as implemented in plane-wave based
density functional code
VASP
50
has been used for the calculations. The plane wave
cutoff energy was set at 400 eV energy. 12 3 12 3 12 and 12 3 12 3 4 Monkhorst-
Pack k-point grids in the Brillouin zone were used for cubic and monoclinic structures
respectively. The geometries were optimized until the force on all each atom was
reduced to 0.1 eV/nm.
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Acknowledgments
Fruitful discussions with C. Schu
¨
ßler-Langeheine, F. M. F. de Groot and P. S. Miedema as
well as support by E. Weschke and B. Klemke are gratefully acknowledged. We thank HZB
for the allocation of synchrotron radiation beamtime. Funded by BMBF (05 ES3XBA/5) and
DFG (WE2623/3-1). We are grateful to NSC under Swedish National Infrastructure for
Computing (SNIC) and the PRACE-2IP project (FP7 RI-283 493) resource Abel
supercomputer based in Norway at University of Oslo for providing computing facility. B.S.
acknowledges VR Swedish Research Links programme and Carl Tryggers Stiftelse for
financial support. O.E. acknowledges support from the eSSENCE, VR, KAW foundation
and the ERC.
Author contributions
D.S. and C.S.A. performed the measurements, the data evaluation and wrote the
manuscript, A.W. performed the XMCD measurements, M.D. prepared the nanoparticles,
S.H. and S.B. performed the calculations, O.E. and B.S. wrote the theoretical part of the
manuscript, and H.W. wrote the manuscript.
Supplementary information accompanies this paper at http://www.nature.com/
scientificreports
Competing financial interests: The authors declare no competing financial interests.
How to cite this article: Schmitz, D. et al. The dipole moment of the spin density as a local
indicator for phase transitions. Sci. Rep. 4, 5760; DOI:10.1038/srep05760 (2014).
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SCIENTIFIC REPORTS | 4 : 5760 | DOI: 10.1038/srep05760 7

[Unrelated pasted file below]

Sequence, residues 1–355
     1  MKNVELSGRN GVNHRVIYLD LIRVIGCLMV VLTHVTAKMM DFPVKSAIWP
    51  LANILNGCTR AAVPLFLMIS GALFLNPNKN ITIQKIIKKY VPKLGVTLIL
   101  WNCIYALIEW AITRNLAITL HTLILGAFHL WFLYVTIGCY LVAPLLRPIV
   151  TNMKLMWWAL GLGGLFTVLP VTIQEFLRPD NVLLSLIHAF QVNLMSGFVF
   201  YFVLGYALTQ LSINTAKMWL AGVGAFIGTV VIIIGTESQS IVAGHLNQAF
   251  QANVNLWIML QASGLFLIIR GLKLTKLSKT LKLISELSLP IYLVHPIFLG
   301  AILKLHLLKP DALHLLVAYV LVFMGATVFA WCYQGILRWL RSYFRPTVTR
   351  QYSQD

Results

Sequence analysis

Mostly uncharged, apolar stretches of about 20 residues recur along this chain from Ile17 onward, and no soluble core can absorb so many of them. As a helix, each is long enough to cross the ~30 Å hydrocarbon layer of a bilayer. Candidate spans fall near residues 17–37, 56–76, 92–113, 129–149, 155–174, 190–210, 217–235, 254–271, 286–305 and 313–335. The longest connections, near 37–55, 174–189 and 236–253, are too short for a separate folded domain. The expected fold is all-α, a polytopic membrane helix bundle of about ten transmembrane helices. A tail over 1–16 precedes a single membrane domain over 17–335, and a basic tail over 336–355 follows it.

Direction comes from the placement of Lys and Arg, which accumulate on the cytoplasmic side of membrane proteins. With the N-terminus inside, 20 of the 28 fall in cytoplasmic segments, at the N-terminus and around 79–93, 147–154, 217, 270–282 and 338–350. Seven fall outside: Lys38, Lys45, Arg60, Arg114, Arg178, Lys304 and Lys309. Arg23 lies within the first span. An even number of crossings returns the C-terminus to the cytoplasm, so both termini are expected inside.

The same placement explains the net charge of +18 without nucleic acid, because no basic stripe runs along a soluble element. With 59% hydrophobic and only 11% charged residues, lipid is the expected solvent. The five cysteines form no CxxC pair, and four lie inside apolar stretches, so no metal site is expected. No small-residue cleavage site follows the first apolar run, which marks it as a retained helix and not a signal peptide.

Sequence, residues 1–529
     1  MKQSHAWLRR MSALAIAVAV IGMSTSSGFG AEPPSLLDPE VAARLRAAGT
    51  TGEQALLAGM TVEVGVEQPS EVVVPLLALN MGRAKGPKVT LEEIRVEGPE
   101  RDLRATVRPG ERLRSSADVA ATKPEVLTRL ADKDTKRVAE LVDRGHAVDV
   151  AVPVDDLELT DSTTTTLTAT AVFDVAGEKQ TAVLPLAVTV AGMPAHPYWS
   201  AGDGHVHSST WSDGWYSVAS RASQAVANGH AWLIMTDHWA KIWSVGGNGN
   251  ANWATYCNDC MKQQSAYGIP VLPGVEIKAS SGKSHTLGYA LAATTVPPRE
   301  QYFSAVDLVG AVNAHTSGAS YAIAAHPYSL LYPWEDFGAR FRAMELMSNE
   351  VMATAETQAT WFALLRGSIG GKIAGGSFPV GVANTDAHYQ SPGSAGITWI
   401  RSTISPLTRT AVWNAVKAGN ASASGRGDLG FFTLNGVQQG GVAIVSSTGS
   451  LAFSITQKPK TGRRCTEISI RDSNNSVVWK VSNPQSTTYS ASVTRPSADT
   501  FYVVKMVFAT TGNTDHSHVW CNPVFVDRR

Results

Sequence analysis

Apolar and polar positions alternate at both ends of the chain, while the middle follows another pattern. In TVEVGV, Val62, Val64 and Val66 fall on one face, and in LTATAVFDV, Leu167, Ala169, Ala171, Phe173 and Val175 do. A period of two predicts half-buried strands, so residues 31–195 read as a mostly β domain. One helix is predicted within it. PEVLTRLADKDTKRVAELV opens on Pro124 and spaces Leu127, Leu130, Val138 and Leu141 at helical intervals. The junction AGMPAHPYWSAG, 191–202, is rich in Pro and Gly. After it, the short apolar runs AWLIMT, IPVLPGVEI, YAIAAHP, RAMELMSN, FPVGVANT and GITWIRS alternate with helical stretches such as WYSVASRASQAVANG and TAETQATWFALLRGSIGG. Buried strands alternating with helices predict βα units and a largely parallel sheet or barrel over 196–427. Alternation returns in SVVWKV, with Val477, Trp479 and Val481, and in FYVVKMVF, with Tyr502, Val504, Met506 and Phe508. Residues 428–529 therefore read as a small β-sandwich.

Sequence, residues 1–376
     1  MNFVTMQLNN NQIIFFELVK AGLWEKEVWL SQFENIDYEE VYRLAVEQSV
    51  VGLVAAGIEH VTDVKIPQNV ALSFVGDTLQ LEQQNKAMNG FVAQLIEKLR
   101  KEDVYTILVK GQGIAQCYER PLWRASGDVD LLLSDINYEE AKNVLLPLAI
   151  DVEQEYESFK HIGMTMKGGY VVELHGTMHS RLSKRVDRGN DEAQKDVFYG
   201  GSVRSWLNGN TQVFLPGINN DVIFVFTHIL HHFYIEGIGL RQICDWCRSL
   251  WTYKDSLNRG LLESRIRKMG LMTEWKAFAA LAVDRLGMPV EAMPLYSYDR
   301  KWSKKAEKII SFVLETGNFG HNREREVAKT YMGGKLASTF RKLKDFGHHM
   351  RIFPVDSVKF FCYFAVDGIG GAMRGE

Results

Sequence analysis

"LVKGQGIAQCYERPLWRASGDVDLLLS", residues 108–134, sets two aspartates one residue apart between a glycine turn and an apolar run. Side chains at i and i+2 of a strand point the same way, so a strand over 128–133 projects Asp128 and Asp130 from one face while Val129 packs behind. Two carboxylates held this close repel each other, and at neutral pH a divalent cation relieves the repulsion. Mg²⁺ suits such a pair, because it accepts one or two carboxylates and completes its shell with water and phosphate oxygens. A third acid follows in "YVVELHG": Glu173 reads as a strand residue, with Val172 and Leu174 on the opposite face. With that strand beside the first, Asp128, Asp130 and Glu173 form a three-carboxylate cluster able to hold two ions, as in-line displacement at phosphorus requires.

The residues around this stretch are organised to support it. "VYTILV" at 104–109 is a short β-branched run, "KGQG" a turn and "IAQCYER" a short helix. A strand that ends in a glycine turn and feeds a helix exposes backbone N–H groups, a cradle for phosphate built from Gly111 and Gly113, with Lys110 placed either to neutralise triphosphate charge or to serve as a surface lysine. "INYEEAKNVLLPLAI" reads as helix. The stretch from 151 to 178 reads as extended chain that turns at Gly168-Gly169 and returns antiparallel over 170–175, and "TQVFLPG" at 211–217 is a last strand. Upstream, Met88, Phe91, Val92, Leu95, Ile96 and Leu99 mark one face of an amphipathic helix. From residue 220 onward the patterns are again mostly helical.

... Changes in the charge and orbital ordering could be observed by resonant X-ray scattering [20], resonant soft X-ray diffraction [21], diffuse neutron scattering [22,23], or by magnetoresistance measurements [24]. Schmitz et al. examined Fe 3 O 4 thin films structure by employing the X-ray magnetic circular dichroism technique, when is noticed increment of the effective spin magnetic moment in temperature interval from 150K to 175K, attributed to the local changes of the electronic structure [25]. ...
... Under the influence of the 500 Oe field, magnetization increase is observed within the T interval from 156K to 162K, while the application of the 1000 Oe field revealed the similar M ZFC variations in the temperature range from 252K-258K. To explain magnetization increase in the ZFC curve, let us recall the fact that Schmitz et al. found the increase of magnetization within the temperature interval from 150K-175K by XMCD measurement, and ascribed it to the change of the magnetite electronic structure [25]. On the other hand literature data showed that spin reorientation phenomenon begin at temperatures around 250K, when the anisotropy constant achieved minimum value [55]. ...
... On the other hand literature data showed that spin reorientation phenomenon begin at temperatures around 250K, when the anisotropy constant achieved minimum value [55]. Reznicek et al. [55] presented relation between SR phenomenon and Verwey transition, confirming the fact that changes in the electronic structure, that occurred through the spin reorientation and charge ordering [25], enable transition to the low-temperature magnetite phase [56]. Accordingly, the fact that ZFC magnetization increase was observed under the applying fields of 200 Oe, 500 Oe and 1000 Oe could be explained in the term of spin reorientation process, since it is known that re-ordering of the Fe 3 O 4 electronic structure is sensitive to the presence of different strength magnetic fields. ...
Article
We performed structural and magnetic investigation of Fe3O4/OA nanoparticles prepared by solvothermal method. Based on XRD, TEM and FTIR examination, investigated sample contained monodisperse, 5 nm-sized spherical magnetite nanoparticles coated with oleic acid. Magnetic measurement of the hysteretic curves at 5 K in zero-field cooled (ZFC) and field-cooled (FC) regime confirmed presence of exchange bias effect. ZFC/FC measurements were performed in applied magnetic fields: 10 Oe, 100 Oe, 200 Oe, 500 Oe and 1000 Oe. Zero-field cooled magnetization curves recorded in 10 Oe and 100 Oe exhibited behavior characteristic for low coercivity Nanomaterials. Same sample exposed to the ZFC/FC measurement protocol in 200 Oe, 500 Oe and 1000 Oe showed increase in ZFC magnetization in the certain temperature range. The observed feature is attributed to the local changes in the magnetite electronic structure, occurred through the spin reorientation process.